Interest Rate Manipulation is Income Redistribution
[courtesy Google Images]
On February 9th
, Business Insider Australia
published “CARNAGE IN JAPAN: Nikkei’s largest fall in years, yen spikes, government bond yields below 0%” which said in part:
“On Monday [February 8th], the benchmark Nikkei 225 index lost more than 900 points, closing the session at 16,085.44. The 5.4% one-day decline was the largest since June 13, 2013 . . . . Since January 29th, the day the Bank of Japan adopted a negative-interest-rate policy, the Nikkei index has lost more than 10%.”
Since mid-December, when the U.S. Federal Reserve increased the U.S. interest rate by 0.25%, the U.S. stock market has also suffered a significant decline.
Japan lowered its interest rates to zero—and then to a negative interest rate—their stock markets fell.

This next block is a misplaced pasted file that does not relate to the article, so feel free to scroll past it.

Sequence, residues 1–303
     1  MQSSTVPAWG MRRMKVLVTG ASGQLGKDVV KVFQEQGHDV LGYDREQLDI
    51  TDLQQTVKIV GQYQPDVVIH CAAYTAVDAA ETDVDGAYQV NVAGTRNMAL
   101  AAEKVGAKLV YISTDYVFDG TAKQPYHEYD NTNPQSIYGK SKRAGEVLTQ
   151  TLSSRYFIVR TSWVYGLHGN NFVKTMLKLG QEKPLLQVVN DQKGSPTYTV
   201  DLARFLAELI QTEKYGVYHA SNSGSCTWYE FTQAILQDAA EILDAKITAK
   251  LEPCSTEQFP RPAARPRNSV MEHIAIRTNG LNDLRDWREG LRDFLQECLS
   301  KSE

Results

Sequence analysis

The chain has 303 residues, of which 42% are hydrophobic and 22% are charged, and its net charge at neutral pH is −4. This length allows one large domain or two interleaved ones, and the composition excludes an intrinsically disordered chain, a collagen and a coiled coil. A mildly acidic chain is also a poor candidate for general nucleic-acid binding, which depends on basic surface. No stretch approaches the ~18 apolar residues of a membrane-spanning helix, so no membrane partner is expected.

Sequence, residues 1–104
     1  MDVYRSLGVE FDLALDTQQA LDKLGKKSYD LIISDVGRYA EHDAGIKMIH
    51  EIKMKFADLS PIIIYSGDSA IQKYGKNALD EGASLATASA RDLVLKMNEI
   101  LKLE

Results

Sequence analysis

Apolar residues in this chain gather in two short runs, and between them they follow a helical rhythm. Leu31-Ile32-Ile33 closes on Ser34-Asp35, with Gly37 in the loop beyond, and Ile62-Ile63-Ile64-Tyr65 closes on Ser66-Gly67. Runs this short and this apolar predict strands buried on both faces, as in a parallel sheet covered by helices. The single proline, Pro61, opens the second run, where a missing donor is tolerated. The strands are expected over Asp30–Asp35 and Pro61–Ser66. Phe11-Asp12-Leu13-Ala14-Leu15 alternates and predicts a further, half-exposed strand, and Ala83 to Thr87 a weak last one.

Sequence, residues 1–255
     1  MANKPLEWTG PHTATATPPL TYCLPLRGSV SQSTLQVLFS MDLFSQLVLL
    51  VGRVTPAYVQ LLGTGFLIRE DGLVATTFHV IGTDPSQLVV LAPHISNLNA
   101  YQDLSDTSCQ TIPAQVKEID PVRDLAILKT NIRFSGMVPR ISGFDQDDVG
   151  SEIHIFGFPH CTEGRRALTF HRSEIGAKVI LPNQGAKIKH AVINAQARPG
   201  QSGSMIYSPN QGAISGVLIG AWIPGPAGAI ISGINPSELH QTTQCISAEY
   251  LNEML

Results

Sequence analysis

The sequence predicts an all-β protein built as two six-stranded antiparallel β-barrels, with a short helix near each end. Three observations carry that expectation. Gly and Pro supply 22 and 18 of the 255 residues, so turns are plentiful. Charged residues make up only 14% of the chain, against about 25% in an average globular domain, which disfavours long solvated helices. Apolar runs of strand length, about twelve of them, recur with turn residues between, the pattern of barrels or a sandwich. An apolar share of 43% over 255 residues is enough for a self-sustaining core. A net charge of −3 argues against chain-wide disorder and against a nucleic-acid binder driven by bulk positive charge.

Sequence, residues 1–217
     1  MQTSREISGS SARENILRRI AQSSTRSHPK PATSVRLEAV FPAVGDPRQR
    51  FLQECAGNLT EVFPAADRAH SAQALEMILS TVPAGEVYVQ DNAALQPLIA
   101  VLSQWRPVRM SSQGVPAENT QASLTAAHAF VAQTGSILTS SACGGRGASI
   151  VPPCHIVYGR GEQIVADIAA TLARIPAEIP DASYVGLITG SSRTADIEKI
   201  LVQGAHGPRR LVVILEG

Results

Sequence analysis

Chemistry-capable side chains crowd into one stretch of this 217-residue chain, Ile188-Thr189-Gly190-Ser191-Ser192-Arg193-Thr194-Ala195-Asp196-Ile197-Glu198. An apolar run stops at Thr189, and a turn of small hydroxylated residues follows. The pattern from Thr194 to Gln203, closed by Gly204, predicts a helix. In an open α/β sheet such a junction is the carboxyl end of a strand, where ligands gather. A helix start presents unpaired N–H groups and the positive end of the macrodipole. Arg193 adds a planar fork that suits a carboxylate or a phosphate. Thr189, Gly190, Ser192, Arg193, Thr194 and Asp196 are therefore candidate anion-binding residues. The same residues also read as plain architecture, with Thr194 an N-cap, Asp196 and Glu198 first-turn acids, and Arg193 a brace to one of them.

The U.S. raised interests from 0.25% to 0.50%, and the US stock markets fell.
The world’s stock market indices are falling. Judging by the US and Japanese recent experiences with raising—and lowering—interest rates, interest rate manipulation is insufficient to overcome whatever forces are causing the market declines.
This implies that neither the Bank of Japan nor the Federal Reserve has any viable tools–including interest rate manipulation–that can reliably stimulate the economy and withstand the forces of economic depression.
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